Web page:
Unfortunately, many churches have taught the Bible to children and youth not as a book with one central, redemptive message, but as a collection of stories and morals with the gospel as the key story. But the Bible is not primarily about morality; it is mainly about reality. Moralistic Therapeutic Deism is “moralistic” because its focus is behavior modification. In a subtle way, acting right becomes more important than believing right. It is “therapeutic,” for it focuses on surface change, turning the Bible into a counseling manual more for the individual than the revelation of God. It is “deistic” because it does not require a God who is intimately involved in all of Creation and in all aspects of our lives, but who generally exists to bring us happiness, most specifically in our spiritual lives.

I call it the Aesop’s Fables approach to the Bible: read a Bible story and then explain the moral from it. It offers ironically a “moral failure,” for by focusing on morality too much we actually hinder students from seeing the lifelong, holistic implications of their faith. Motivation for serving God stems more from changing our behavior than from living a life of radical faith. Such extrinsic motivation may actually seem to work in the short term: show students how sex before marriage will lead to guilt and disease, for instance, or show them how lying will cost them friendships, and they will abstain from these sins, at least for a season. But if moral change becomes the primary focus of our faith, the long-term obedience we seek may actually be the one thing we will not see.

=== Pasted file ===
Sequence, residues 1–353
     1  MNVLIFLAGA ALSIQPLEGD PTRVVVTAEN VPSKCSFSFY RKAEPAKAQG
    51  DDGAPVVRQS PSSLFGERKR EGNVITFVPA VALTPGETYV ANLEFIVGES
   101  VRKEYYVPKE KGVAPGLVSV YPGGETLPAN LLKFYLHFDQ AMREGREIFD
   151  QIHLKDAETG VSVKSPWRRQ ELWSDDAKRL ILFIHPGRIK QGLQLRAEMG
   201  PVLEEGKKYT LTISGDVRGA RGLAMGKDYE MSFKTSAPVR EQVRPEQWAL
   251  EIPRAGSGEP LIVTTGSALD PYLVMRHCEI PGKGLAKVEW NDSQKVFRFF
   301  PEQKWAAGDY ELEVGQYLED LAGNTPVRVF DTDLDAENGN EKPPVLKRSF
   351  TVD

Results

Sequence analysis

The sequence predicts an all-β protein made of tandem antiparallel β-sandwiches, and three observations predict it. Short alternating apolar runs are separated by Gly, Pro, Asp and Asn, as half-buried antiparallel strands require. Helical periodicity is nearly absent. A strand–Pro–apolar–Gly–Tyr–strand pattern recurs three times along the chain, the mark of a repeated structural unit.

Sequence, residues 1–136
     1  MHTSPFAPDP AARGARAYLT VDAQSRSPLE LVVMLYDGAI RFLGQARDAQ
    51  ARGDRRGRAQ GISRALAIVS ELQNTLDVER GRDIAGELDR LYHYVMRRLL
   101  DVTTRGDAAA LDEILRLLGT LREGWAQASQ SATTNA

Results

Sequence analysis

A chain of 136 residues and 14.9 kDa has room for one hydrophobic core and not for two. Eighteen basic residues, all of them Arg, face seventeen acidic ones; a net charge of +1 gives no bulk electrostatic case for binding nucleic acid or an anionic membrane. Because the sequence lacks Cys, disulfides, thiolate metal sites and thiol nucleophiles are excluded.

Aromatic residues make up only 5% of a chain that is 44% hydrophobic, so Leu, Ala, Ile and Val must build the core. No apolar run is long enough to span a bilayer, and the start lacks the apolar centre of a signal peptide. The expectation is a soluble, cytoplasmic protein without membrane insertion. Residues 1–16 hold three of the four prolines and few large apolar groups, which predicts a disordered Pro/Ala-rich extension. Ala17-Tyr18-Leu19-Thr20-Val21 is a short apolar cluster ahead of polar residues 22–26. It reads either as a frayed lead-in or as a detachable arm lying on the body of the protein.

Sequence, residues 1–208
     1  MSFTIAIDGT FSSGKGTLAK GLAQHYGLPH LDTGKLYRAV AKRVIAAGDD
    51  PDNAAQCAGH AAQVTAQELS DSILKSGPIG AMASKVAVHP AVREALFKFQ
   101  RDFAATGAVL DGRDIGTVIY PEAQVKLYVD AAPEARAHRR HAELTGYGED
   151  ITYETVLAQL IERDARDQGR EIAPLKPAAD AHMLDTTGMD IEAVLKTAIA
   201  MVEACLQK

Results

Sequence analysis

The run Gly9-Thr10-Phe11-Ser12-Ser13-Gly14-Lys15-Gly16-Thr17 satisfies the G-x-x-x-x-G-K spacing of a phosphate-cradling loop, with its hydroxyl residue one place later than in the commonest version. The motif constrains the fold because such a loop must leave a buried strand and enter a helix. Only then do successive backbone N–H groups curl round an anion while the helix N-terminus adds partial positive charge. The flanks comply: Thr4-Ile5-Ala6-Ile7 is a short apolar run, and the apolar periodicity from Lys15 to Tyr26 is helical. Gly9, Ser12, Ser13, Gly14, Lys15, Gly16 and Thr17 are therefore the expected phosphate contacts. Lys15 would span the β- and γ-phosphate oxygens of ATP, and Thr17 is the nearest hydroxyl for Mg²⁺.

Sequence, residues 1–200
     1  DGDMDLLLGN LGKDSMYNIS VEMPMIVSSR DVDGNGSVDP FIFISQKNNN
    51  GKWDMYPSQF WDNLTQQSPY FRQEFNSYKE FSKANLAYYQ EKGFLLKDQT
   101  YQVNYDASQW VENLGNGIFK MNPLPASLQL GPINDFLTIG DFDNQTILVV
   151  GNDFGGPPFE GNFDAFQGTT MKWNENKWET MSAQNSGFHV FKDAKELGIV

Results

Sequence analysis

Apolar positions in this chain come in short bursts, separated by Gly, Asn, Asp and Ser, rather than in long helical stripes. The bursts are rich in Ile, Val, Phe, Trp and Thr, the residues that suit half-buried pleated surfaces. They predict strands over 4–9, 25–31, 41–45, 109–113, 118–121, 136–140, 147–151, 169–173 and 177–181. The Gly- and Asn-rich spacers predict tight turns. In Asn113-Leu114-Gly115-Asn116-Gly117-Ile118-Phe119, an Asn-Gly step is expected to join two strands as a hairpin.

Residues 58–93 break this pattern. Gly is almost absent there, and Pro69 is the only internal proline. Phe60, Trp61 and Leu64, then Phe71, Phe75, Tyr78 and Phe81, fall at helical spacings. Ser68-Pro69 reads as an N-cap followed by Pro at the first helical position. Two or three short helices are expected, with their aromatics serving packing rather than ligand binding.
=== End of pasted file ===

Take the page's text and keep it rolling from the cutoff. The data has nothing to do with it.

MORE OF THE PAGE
It could well be that our short-term focus contributes to students’ dropping out of church. But the much-debated topic of dropout rates actually fails to emphasize a more critical point, because even those who remain in our churches lack the missional drive to make gospel impact in their daily lives. In other words, how many who stay “in church” still “drop out” of active, daily, missional faith?

This does not mean that behavioral change is unimportant. Our morality marks a vital part of being conformed to the image of Christ. But a growing sense of moral uprightness and concomitant behavior reflecting this is a result of our faith; it simply cannot be the prime motivator. We have confused the point (the indicative) with the result (the imperative), and this has not helped us in discipling students. The way we teach the Bible may in fact hinder our missional focus and our disciple-making.